African Culture : African Indigenous Religion Essay

African Culture : African Indigenous Religion Essay

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As Europeans proceeded to judge Africa, they represented a whole continent without realizing that they’re representing just one way of telling the story of Africa which excludes possible other ways of telling the same story. The declaration that Africa is “capable of no development or culture, and as we see them at this day, such have they always been,” presents Africa as a seamless, unhistorical region that lacked the characteristic highs and lows of historical time seen in other areas around the world.
The descendants of Hegelian ideology have continued to exclude Africa as a flourishing political and cultural continent and continued a series of stereotypes that Africa is a dark continent filled with undiscovered civilizations and jungles and animals walking the streets untamed. The most important aspect of African culture that has been misconstrued is religion. Dr. Patrick Nnoromele brings up an important point that “African Indigenous religion is a faith without a founder (Nnoromele 51).” However, supporters of Hegel have an increased conviction that Africa does not possess knowledge of the immortality of the soul. In his book, he writes of African “magic” as an attempt of religion but because of a lacking idea of a God, Africans see an episode of supernatural behavior as the direct cause of another man performing sorcery instead that of God like a European believed. For example, he wrote “God thunders, but is not on that account recognized as God. For the soul of man, God must be more than a thunderer; whereas among the Negroes this is not the case (Hegel 111).” He is saying that Africans do not see a higher being above themselves therefore they lack the ability to understand that God commands the elements not man. However,...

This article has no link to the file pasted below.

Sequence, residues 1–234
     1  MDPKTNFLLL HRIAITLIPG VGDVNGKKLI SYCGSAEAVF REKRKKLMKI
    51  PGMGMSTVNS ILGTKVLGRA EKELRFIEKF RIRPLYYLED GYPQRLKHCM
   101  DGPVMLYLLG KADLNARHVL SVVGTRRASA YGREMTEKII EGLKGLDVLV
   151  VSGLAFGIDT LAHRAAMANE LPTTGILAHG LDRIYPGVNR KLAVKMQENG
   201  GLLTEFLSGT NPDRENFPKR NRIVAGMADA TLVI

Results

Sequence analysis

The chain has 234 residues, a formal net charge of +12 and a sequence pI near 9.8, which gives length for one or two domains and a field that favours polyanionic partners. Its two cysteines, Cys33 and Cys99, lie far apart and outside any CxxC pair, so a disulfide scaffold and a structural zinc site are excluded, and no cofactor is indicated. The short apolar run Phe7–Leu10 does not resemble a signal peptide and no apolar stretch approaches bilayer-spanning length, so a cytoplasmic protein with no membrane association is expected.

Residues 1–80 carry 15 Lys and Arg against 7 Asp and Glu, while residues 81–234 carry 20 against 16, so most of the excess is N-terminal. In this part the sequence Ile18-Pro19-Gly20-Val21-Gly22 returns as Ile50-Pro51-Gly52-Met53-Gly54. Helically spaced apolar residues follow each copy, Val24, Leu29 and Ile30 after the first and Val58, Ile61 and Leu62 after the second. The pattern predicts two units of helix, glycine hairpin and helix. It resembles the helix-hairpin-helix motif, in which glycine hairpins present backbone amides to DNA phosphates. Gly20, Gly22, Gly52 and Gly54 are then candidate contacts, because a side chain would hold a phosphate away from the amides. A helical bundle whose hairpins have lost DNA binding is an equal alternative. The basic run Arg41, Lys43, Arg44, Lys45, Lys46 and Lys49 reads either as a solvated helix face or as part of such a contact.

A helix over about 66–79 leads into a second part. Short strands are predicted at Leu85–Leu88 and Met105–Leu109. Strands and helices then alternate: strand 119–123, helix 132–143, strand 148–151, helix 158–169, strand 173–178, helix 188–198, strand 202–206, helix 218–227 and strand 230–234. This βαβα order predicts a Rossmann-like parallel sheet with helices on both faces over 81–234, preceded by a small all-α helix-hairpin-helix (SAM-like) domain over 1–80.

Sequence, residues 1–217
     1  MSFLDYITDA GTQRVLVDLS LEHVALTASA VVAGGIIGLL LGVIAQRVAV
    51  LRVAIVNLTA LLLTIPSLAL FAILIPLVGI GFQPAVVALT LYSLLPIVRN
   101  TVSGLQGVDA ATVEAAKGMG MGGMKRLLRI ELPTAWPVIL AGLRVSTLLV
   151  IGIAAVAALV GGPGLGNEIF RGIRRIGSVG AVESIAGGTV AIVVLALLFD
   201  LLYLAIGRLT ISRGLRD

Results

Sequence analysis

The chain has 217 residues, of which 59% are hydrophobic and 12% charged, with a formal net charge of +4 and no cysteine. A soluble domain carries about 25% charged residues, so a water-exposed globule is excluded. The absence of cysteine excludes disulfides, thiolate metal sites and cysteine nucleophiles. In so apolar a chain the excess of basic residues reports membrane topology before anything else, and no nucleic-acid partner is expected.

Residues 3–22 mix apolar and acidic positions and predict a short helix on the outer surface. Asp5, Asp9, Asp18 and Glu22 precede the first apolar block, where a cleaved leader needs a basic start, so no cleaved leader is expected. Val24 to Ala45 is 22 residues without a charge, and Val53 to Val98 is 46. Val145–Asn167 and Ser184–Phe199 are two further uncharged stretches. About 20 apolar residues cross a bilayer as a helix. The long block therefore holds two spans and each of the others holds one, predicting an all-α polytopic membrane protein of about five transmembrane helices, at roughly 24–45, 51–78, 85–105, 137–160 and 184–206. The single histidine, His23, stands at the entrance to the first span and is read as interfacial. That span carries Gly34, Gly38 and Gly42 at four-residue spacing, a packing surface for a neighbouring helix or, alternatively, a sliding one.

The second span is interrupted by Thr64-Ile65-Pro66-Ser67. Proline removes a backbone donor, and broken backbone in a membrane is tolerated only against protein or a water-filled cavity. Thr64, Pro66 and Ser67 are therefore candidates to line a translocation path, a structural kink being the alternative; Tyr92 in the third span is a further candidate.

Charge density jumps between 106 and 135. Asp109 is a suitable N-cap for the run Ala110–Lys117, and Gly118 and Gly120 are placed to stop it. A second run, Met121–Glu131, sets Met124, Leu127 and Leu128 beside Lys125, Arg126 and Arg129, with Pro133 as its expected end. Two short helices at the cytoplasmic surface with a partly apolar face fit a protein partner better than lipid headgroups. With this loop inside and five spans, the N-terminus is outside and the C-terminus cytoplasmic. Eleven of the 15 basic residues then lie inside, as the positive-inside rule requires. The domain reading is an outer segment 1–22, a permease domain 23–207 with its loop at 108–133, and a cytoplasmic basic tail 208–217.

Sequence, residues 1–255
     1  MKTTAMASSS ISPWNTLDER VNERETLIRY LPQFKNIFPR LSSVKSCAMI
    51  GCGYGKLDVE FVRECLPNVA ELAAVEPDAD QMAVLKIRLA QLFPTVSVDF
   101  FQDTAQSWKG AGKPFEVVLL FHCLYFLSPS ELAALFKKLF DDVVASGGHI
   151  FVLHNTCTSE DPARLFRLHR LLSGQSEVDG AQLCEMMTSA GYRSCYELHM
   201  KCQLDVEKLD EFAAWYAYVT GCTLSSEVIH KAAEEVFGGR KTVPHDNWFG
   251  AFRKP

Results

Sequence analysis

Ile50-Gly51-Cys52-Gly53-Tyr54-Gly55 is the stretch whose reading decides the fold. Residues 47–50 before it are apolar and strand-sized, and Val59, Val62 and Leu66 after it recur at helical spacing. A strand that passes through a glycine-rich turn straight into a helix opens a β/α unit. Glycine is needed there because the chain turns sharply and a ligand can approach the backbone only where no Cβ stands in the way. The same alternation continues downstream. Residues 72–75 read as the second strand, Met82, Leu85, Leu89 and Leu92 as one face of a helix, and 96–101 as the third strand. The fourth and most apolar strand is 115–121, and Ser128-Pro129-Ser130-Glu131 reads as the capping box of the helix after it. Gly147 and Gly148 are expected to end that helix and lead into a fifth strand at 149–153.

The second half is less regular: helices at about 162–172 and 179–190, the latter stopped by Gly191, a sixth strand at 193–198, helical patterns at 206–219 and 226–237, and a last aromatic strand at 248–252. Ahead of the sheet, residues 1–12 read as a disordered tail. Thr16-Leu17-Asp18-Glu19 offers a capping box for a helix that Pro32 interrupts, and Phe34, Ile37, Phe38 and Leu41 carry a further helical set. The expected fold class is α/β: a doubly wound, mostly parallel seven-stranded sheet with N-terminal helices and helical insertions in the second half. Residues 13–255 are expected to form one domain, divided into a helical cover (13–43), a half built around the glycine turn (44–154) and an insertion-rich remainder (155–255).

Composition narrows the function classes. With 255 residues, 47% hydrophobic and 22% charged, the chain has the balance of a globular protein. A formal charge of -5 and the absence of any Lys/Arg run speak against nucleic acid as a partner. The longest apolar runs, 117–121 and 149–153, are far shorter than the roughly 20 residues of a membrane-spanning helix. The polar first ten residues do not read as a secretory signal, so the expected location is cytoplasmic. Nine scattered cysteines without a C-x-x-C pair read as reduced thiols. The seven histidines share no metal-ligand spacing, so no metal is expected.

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... of Africa, now swarm Europe and American news outlets. Celebrity colonialism now ensues and dramatized movies of African villages swarm box offices. However, through investigation it is seen that Africa was a booming continent with much promise before, during, and after colonial rule. Africans fought for independence, because they believed in their own personal self-worth and ability to serve their people unselfishly. Followers of Georg Hegel and Trevor-Roper lack the insight that showed Africa’s wealthy empires like that of Ghana with copious amounts of salt and gold used for trades, or the kingdom of Mali led by the powerful Mansa Musa, the wealthiest man to have lived. The empires aforementioned countless others dominated before Europeans colonized Africa. The people of Africa knew wealth as well as poverty like that of any other empire, clan, kingdom, or region.

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